Exercise 6-1. The FileCopy3 program in Example 6-4 omits exception-handling and channel-closing
code for simplicity. Make this program more robust by adding that
code, using Example 6-2, or other examples, as a
Exercise 6-2. The ChannelToWriter.copy( ) method of Example 6-5 reads bytes from a
ReadableByteChannel, decodes them using a
CharsetDecoder, and writes the resulting
characters to a Writer. Write a method that does
the reverse: reads characters from a Reader, encodes them using a
CharsetEncoder, and writes the resulting bytes to
a WritableByteChannel. Use a low-level encoding
loop based on the decoding loop of Example 6-5.
Exercise 6-3. The BGrep class of Example 6-3 is
a block-oriented rather than line-oriented regular-expression
matcher. Modify the program to search a line at a time, rather than
searching an entire file at a time. The easiest way to do this is
probably to abandon the java.nio package and use
java.io.BufferedReader to read lines. An
alternative is to use the scan( ) method of the
ChannelTokenizer class (see Examples Example 6-8 and Example 2-8).
Exercise 6-4. The HttpGet program in Example 6-9 discards HTTP headers. Modify it with a
-h command-line option, which, when present,
causes it to print out the headers it receives.
Exercise 6-5. A shortcoming of the HttpGet program of Example 6-9 is that it does not understand and follow HTTP
redirects. Some servers use these HTTP response codes to distribute
load, and HttpGet is unable to download pages from
such servers. Modify the program so that if the response code is in
the 300-399 range, it parses the HTTP headers, looking for one that
begins "Location:". If it finds
such a header, it prints a message and attempts to fetch the URL that
follows it. If you don't want to write a
full-featured HTTP header parser, note that you can convert the
headers to a string, and then simply use string methods to search for
"\nLocation:" within that string.
Exercise 6-6. The PrintServiceWebInterface class of Example 6-13 uses the
GatheringByteChannel interface to send response
data from a ByteBuffer array. It divides its
response up into a set of fixed headers and a variable body. In fact,
however, the first part of the body is also fixed. Additionally, a
more robust implementation would include a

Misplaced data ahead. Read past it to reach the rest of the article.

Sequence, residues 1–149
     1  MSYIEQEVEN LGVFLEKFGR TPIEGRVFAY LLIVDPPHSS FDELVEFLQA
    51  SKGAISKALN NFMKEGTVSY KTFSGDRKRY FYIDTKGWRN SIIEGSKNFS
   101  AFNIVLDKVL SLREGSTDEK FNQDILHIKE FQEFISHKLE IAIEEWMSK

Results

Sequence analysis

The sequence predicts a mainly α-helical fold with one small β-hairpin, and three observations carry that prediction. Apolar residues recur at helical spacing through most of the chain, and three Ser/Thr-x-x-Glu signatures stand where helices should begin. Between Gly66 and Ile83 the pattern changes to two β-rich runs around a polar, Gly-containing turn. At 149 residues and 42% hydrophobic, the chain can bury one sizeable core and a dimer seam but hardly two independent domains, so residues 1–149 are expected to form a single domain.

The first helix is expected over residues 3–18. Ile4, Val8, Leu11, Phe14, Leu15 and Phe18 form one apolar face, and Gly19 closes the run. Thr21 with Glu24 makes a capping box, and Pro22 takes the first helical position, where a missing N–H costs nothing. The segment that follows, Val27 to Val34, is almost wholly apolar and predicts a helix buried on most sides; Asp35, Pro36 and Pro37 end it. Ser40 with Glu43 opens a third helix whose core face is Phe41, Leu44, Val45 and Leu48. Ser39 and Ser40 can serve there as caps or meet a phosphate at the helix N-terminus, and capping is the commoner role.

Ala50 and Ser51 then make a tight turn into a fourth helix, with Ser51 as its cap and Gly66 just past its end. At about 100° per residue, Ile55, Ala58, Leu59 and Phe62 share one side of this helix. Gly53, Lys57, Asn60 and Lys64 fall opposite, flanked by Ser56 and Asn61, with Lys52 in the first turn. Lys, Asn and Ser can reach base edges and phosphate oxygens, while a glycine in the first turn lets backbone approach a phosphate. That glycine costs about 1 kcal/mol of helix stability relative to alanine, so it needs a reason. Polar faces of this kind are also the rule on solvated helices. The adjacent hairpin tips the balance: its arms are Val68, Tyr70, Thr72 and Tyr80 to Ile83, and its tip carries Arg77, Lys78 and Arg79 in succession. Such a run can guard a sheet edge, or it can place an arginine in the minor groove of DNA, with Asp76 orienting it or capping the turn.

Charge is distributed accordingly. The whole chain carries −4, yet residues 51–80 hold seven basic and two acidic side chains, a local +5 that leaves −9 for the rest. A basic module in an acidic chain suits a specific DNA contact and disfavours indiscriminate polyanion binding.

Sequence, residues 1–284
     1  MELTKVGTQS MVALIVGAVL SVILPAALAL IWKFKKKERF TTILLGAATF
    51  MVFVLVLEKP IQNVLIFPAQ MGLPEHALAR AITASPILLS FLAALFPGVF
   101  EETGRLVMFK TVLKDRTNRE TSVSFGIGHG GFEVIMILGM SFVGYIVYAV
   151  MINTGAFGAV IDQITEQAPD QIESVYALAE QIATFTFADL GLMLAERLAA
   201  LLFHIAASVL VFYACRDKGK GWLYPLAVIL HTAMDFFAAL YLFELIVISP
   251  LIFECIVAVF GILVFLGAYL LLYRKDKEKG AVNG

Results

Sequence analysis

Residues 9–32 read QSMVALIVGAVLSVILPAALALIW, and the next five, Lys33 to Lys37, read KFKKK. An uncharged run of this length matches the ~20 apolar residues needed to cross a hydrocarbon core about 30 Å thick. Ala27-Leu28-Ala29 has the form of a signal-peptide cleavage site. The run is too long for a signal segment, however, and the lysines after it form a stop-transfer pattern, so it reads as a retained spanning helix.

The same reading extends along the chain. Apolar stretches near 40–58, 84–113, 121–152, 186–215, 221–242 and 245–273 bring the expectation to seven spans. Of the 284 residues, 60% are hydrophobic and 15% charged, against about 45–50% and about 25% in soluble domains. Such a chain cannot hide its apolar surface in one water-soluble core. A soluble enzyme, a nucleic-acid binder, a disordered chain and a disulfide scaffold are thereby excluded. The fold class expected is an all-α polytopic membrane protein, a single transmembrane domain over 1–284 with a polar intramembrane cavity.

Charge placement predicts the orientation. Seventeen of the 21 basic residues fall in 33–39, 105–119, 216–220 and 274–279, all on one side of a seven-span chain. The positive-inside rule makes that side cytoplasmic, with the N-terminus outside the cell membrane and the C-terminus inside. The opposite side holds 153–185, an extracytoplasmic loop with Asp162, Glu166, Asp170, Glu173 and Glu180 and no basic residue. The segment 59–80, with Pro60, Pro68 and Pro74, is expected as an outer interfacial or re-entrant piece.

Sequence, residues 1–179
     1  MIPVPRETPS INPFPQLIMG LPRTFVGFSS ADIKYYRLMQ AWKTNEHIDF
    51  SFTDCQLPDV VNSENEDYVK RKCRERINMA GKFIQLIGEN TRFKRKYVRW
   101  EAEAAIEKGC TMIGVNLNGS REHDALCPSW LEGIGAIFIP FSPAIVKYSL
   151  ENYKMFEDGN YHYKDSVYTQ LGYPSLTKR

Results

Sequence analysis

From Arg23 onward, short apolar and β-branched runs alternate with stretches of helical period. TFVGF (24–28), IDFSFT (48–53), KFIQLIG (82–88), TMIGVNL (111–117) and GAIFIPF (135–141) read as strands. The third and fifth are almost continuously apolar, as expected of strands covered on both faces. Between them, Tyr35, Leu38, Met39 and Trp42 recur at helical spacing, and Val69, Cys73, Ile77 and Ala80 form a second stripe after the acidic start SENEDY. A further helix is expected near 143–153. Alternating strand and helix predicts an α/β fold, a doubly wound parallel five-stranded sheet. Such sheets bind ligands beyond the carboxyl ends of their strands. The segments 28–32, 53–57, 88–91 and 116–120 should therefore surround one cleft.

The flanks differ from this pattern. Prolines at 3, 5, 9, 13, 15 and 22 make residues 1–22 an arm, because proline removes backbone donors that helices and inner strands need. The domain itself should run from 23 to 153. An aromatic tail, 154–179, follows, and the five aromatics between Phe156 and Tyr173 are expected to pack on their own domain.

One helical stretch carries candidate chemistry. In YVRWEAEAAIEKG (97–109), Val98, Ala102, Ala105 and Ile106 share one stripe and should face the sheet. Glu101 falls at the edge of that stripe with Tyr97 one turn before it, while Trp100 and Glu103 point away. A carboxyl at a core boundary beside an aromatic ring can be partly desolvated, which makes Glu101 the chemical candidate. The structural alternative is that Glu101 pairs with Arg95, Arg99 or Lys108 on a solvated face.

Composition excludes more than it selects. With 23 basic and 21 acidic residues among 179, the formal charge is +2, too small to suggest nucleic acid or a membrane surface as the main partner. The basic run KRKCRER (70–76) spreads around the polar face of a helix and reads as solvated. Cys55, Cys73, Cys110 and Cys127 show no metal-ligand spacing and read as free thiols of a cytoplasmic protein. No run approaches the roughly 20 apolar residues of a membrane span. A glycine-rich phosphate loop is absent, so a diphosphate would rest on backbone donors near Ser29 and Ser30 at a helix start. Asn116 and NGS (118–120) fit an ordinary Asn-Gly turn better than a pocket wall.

"Content-Length:" header that
specifies the (variable) length, in bytes, of the body. Modify the
program to address these two issues by using an array of four buffers
instead of two. The first buffer would hold the fixed part of the
headers. The second would hold the variable Content-Length header and
the header-terminating blank line. The third buffer would hold the
fixed part of the document body, and the fourth would hold the
variable part of the body. This fourth buffer would be filled, and
its length measured, before the second buffer was filled. If you
added a "print headers" option to
HttpGet in the previous exercise, you can use that
modified version to test your Content-Length implementation here.
Exercise 6-7. The PrintServiceWebInterface class of Example 6-13 demonstrated a simple framework for a
multiplexing server. Modify this framework to create a generic server
framework, like that of Example 5-10. With the New
I/O API, you should need only a single thread to do this.
You'll probably want to create a per-client state
object and associate it with each SelectionKey you
Exercise 6-8. Study the HttpDownloadManager class of Example 6-14. Analyze it for weaknesses, and remedy them.
The DownloadImpl.addData( ) method inefficiently
reallocates its array every time it is called.
The Listener interface provides notification only
when the download completes or aborts; it does not provide the
information a web browser would need to monitor the progress of a
download, such as notification of connection establishment and data
It does not parse HTTP response headers, so, for example, it cannot
follow redirects and cannot tell the caller how many bytes to expect
based on the Content-Length headers.